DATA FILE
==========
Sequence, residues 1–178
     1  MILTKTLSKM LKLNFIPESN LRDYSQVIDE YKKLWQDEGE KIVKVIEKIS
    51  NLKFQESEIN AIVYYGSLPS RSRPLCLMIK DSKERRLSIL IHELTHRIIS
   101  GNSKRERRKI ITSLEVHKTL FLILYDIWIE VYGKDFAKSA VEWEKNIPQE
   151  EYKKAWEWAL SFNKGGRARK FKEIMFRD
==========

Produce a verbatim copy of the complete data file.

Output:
Sequence, residues 1–178
     1  MILTKTLSKM LKLNFIPESN LRDYSQVIDE YKKLWQDEGE KIVKVIEKIS
    51  NLKFQESEIN AIVYYGSLPS RSRPLCLMIK DSKERRLSIL IHELTHRIIS
   101  GNSKRERRKI ITSLEVHKTL FLILYDIWIE VYGKDFAKSA VEWEKNIPQE
   151  EYKKAWEWAL SFNKGGRARK FKEIMFRD